Belfast Telegraph

Wednesday 26 November 2014

Young guns toppled by super Fly

Hurricane Fly won his 18th Grade One race at Leopardstown
Hurricane Fly won his 18th Grade One race at Leopardstown

Hurricane Fly won an extraordinary 18th Grade One race when superbly defending his title in a star-studded renewal of the Ryanair Hurdle at Leopardstown.

The Willie Mullins-trained nine-year-old (11-10 favourite) expertly lowered the colours of Our Conor and Jezki, two of Ireland's leading hurdlers, with another ruthless display under Ruby Walsh.

Hurricane Fly was roundly cut in the betting for the Champion Hurdle - a race he regained so convincingly in the spring - at the Cheltenham Festival next March.

Jezki (15-8) fared best of the young pretenders when finishing a slightly unlucky second in the five-runner Grade One over two miles.

Laudable veteran Captain Cee Bee set a fierce pace under Mark Walsh, but he was unable to maintain such a rapid tempo and weakened two flights from home.

Hurricane Fly, who did not impress many when victorious in Punchestown's Morgiana Hurdle on his seasonal bow, was at the back of the field for most of the journey before he slalomed into contention late in the piece.

Mullins' ace jumped the last a fraction behind Our Conor, who along with Captain Cee Bee had earlier squeezed Jezki for room approaching the final flight.

Whereas Our Conor did not have much more to give, Jezki stayed on stoutly for jockey Tony McCoy.

Hurricane Fly was hardly knocked off his stride, though, and maintained a zesty gallop to ease two and a half lengths clear for another landmark success.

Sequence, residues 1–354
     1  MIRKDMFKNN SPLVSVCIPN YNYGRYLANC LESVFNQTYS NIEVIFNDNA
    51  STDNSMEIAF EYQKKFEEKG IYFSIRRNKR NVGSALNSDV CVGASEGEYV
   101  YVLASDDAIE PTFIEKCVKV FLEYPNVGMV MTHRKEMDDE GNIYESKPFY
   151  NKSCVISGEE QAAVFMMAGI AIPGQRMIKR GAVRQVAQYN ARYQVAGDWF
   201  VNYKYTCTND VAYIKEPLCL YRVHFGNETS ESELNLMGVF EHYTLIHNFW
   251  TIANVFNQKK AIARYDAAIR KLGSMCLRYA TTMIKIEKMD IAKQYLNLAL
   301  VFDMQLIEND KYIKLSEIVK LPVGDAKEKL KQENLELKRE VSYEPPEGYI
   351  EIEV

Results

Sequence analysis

Mullins said: "It was a hugely tactical race and Ruby was very cool on him.

"At one stage I thought the leader (Captain Cee Bee) had got away in front, and Ruby had to quicken up a bit sooner than he would have liked to.

"We spent a long time getting him to settle and, as a result, he's inclined to go to sleep early in his races. Because of that, we've changed slightly the way we've trained him.

"H e'll be back here at the end of January (Irish Champion Hurdle) and then it will be Cheltenham. He's coming along and is going to improve again.

"He's a fantastic horse and a horse of a generation."

Walsh said: "He came here and did his job. We still feel there's a little bit of improvement to come."

Trainer Jessica Harrington accepted Jezki had been beaten by "a champion".

She said: "A strong-run race would have suited him.

"Going to the last, it looked like he'd be a bad third, and he ended up being a good second.

"He's still only a five-year-old and I'm delighted with him.

"But if you're going to get beaten, you get beaten by a champion."

Our Conor finished an honourable third, another three and a quarter lengths adrift of the peerless winner.

Dessie Hughes, trainer of Our Conor, was satisfied with last season's Triumph Hurdle winner on what was his first start over hurdles since the Cheltenham Festival in March.

He said: "I felt coming here if he got to within a few lengths (of Hurricane Fly) it would be a good run.

"It's his first run over hurdles in eight months and his first time against older horses.

"I was very happy with the run and I think he'll come on for it."

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